“What do you mean?” “I loved this doll as it reminds me of her, so I thought it to be kept in better conditions.”

“I am too busy in my job and was not able to maintain the place together,” I replied. “It’s a shame, Sam. Why don’t you let me take it?” That stayed with me for days. One night, we were watching television. He’d dozed off in the chair, and I was about to join him. As my eyelids fell heavy over my vision, I suddenly caught sight of the doll; its face turned enquiringly at me. As I stared at it, half asleep, my uncle’s words from floated back in my mind. “Why don’t you give it to me?”

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The following day, while uncle had fallen asleep watching daytime television, I took the doll from its rightful perch and marched it upstairs with me. There were photos too, black and white snapshots of the two of us standing together in matching dresses. We were both smiling; innocent smiles in the box that I had. I remembered how we would play in the forests, treating the quarries and mines as though sections of our private play area. But, then I again started going through the clippings. My smile soured. I wanted to fight the thoughts that were creeping into my head, but instead I let them flow over me. What if it had been him? I knew I was acting on irrational impulses – namely the evidence of a child’s doll – but I couldn’t stop myself.

He had always been searching for the doll like he’s looking for the code, never having married or held a steady job. I’d overhear my mother and aunts talk pityingly of him, wishing he’d find a nice girl to settle down with. I tried desperately to make something of it, trawling my memories for any hints or clues. My recollections of her death are hazy in the extreme, and I’ll only occasionally remember the odd scene or snatch of dialogue in passing. I could have repressed some of it, perhaps because of him.

Crouched over my patchwork of papers, I failed to prevent a steady stream of tears rolling down my cheeks and into my mouth.  If these cloudy speculations formed into a hard truth, then the repercussions were colossal. It also meant I was sharing a house with a child killer. My blood boiled, chilled, ran in cold streams through my veins. I ran to the door suddenly and bolted it. I picked up our photograph again, the black and white snapshot in the lives of two little girls. I was wearing a smug smile, my thick black hair bound in clumps. She, curly and freckled, presented a gap-toothed smile to the camera. The doll hung from her hand, lopsided head and also looking absently into the lens.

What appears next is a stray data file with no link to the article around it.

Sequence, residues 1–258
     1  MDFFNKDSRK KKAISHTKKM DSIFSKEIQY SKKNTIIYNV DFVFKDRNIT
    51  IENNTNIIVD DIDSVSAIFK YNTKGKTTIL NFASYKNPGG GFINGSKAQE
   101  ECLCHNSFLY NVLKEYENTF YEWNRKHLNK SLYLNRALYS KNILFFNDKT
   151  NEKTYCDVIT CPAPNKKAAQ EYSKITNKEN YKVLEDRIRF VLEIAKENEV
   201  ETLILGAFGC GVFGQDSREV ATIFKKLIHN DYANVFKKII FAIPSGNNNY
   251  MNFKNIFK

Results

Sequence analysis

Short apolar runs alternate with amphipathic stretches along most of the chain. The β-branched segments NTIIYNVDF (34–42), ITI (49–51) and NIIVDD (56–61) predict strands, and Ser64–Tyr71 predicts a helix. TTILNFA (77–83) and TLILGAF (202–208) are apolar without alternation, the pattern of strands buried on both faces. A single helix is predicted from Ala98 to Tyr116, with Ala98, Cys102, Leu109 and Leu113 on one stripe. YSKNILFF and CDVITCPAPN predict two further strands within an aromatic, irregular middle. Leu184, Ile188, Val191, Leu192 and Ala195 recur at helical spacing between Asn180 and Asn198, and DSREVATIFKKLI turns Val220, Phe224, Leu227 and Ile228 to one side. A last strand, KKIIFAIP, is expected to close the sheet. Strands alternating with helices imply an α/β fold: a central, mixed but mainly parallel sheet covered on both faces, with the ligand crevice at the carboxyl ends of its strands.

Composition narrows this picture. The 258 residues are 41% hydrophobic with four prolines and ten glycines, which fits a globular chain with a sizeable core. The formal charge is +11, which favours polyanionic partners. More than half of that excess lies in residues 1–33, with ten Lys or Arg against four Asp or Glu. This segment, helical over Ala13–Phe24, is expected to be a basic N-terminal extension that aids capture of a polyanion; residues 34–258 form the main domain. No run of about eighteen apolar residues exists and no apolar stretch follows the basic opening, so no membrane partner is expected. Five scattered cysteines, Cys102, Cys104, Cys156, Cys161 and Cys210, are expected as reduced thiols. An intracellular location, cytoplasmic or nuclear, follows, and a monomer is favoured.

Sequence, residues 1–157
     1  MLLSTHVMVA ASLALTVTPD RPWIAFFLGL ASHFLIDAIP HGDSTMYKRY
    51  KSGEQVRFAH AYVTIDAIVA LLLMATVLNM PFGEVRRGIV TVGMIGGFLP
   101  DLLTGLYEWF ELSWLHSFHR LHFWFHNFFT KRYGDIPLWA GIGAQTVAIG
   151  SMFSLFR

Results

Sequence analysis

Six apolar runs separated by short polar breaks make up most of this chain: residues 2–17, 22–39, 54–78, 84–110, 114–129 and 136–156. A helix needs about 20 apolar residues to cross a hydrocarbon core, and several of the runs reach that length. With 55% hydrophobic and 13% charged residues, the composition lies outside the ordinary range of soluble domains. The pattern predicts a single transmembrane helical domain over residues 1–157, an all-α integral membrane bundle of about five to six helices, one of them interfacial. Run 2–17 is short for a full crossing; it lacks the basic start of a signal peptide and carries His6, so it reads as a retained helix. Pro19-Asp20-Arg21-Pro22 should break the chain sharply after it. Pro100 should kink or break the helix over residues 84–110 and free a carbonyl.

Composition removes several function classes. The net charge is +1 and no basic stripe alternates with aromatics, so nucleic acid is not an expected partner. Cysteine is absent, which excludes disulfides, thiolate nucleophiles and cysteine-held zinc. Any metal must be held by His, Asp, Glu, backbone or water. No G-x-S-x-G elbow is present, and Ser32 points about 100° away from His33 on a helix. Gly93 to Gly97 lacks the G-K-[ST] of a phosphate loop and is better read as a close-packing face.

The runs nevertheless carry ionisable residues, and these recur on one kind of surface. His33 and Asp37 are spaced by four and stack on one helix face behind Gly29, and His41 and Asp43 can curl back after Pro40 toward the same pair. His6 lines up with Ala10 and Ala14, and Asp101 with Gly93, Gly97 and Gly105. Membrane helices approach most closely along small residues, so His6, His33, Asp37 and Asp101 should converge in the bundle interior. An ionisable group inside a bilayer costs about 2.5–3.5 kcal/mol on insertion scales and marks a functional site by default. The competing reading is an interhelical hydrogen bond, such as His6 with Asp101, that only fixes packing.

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I dropped the tray of processed, ready-cooked food onto his lap. He winced with pain and looked up at me with a flash of anger. “Do you mind not dropping it on me like that?” “Sorry…” I opened the curtains in a rush, and unwelcome light sprayed into the room. I decided that I should interrogate my Uncle about the subject, so I sat down on the sofa opposite his armchair, and our eyes inevitably drifted towards the doll. “Why didn’t you want me to have that doll?” He grumbled into the hollow globe of his teacup. “It’s because you are not keeping it well.” “How so?” The anger crept into his voice. “Because it’s the doll of my dear niece. And it reminded me of her, how she was before she died.” I pounced on a single word he had chosen.

“You’re assuming she’s dead then?”

“Of course, she’s dead. We held a funeral.”

“I know, but they never found her body, did they? You don’t think she….ran away?” He turned, his wrinkled face taking an age to incline toward me. He raised his eyebrow slowly. “Do you think she ran away?” I averted his gaze. “Maybe…” We sat in silence for a few hours, and then I helped him to bed. I returned to the living room and watched the doll. It seemed unusual to find the pieces falling into place so long after the jigsaw had been thrown away, but perhaps things had been overlooked or rushed at the time. Ramesh had indeed been questioned by the police initially but released due to lack of evidence. Sitting alone with my thoughts, I quickly fell asleep.

Suddenly back in my house, we watched the television, and I told him not to scare me like that again. He laughed loudly, and his laughs mutated into knocks at the door. As I got up to answer, I shot a casual glance at the mantelpiece. The doll was gone and in its place a little girl. A dead girl. With empty eyes and a bloody mouth and pale as a mortuary slab. I remember trying to scream. Then suddenly I woke up. When I awoke, the living room was cold, and my mouth was dry. I heard shouting, so I ran to uncle’s room. He was sat in bed, looking helpless and impotent. “Where have you been?” “Sleeping. I’m sorry.” “I can’t get out of bed by myself.” “I know…I know…” I felt a pang of sympathy for him, a momentary lapse that quickly dissipated. I jerked him upright suddenly, and his face winced in pain. “What?” “Nothing, nothing…just my leg…” I wasn’t thinking rationally at this point, already starting to convince myself that he had been held up in her death, and all for that doll. I felt drawn to the mystery surrounding her, as though a shard of my life was trapped there too. I thought that what’s up with the code and why he had to kill her for a doll.